23 July 2009

Poland: Esperanto Center opens in Bialystok

Ludwik Zamenhof (born Eliezer Samenhof) was the inventor of the international language, Esperanto.

Born December 15, 1859, he was an ophthalmologist, philologist and created the language for international communication to encourage and promote peaceful interaction among diverse nations and cultures.

In 1910, he was nominated for the Nobel Peace Prize. A minor planet discovered in 1938 was named for him. He died on April 14, 1917, and is buried in the Warsaw Jewish cemetery.

An Esperanto Center will open in Bialystok as part of the 94th World Esperanto Congress begining on Saturday.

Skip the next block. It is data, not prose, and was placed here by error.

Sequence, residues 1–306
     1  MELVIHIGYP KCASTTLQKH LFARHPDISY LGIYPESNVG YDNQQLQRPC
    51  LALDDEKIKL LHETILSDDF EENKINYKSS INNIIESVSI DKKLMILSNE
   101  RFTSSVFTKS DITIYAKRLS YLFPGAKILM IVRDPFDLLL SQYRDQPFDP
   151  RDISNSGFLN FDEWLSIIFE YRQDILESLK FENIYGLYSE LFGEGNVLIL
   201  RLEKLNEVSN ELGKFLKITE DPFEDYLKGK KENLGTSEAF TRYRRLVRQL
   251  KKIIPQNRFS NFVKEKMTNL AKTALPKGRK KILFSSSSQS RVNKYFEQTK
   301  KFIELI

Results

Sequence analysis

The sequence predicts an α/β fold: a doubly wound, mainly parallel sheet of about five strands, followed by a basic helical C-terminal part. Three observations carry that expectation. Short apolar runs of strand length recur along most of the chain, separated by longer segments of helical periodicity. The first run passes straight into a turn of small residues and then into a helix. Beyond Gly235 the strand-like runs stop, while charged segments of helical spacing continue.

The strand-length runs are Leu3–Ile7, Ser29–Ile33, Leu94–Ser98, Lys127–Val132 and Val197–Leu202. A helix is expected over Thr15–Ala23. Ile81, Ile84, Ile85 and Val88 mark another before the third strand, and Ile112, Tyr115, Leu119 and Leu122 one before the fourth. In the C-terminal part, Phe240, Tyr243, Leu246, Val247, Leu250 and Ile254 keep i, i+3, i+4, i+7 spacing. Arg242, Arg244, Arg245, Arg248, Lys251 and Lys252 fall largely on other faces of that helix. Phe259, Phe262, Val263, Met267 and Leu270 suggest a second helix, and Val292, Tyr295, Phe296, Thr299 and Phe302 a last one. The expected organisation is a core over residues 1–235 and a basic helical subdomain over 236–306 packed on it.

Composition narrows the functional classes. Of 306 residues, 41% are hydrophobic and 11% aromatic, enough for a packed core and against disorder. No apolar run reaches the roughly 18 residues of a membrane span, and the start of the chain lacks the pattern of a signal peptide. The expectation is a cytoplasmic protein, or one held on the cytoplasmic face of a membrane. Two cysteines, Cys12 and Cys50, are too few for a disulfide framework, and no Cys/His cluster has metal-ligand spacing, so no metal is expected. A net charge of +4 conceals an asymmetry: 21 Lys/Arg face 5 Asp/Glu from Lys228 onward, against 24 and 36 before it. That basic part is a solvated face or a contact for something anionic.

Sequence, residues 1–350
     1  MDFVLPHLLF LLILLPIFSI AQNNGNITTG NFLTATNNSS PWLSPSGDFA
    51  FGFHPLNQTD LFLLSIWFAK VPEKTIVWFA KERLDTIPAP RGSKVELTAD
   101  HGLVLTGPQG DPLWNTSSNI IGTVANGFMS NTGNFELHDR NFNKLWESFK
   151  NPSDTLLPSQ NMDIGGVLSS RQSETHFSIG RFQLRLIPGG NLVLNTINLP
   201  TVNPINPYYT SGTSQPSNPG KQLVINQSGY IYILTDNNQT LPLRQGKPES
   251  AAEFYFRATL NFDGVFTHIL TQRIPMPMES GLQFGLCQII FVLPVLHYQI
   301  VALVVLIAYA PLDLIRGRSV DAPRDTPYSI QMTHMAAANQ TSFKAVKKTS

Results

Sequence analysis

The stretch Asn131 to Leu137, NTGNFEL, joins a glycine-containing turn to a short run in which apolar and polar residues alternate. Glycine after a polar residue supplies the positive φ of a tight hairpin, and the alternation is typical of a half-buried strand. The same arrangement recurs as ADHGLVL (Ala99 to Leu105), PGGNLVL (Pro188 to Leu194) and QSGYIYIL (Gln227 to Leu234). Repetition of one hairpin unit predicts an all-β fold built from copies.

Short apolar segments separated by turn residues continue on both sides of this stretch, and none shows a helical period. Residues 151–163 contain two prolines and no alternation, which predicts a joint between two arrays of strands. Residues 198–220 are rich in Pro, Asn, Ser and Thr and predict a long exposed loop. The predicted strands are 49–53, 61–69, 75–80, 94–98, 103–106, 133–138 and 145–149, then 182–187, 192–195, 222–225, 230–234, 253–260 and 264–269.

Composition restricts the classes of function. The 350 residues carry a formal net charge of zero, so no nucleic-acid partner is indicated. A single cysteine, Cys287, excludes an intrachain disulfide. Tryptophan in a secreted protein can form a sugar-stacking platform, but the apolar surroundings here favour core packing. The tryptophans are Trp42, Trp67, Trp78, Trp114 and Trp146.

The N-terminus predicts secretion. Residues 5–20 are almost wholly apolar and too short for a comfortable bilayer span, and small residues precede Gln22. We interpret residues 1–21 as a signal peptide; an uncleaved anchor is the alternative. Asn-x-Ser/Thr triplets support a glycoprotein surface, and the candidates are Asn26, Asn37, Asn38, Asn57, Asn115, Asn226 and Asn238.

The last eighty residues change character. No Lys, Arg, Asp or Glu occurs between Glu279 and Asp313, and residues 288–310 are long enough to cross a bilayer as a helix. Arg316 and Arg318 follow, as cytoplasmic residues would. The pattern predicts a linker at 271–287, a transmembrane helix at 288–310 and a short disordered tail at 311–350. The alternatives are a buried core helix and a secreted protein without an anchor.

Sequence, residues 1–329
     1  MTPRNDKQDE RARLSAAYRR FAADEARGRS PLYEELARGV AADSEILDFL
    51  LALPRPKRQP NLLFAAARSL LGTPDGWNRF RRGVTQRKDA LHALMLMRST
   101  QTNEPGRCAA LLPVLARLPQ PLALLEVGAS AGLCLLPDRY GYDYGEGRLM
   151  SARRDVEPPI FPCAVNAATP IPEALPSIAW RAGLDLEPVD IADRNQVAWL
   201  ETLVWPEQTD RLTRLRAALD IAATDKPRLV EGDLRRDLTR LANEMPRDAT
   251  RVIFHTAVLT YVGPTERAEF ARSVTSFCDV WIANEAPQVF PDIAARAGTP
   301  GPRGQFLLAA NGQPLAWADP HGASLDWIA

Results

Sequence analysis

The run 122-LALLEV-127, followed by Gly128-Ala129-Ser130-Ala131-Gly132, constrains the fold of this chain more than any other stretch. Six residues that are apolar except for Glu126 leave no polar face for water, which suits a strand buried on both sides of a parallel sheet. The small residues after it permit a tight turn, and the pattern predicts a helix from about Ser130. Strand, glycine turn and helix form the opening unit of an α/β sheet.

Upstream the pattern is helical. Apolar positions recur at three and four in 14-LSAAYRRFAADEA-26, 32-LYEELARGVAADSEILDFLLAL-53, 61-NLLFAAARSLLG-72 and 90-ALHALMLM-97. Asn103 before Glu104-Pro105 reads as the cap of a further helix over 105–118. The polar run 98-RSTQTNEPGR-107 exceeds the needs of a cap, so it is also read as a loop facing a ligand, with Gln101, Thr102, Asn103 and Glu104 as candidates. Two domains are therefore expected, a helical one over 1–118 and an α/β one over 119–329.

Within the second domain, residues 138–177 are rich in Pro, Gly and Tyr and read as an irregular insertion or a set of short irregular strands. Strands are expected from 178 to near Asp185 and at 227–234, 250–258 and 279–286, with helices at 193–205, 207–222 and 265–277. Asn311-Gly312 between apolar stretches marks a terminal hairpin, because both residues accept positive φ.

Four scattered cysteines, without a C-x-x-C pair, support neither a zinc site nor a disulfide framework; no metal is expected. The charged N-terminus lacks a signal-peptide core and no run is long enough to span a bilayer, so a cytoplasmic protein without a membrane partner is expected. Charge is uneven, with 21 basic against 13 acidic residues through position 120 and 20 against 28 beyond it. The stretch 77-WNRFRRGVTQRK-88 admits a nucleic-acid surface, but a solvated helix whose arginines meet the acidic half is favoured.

It is part of the Bialystok Cultural Center and will promote the city's multicultural aspect, popularize Esperanto and honor Zamenhof.

It will feature a permanent exhibit - "Bialystok of Young Zamenhof" - and temporary exhibits, such postage stamps featuring Esperanto.

In 2000, an estimated 1-15 million people worldwide spoke the language.

For more, read the original story here.

1 comment:

  1. Nicely put! Zamenhof is honored by commemorative postage stamps in about a dozen countries. I've had the pleasure of attending Esperanto-only Congresses in France, Iceland, and China. Esperanto is a work of genius and the only such language to become a living, working tongue with a rich literature of original and translated works. --Jim Lieberman, former President, Esperanto-USA.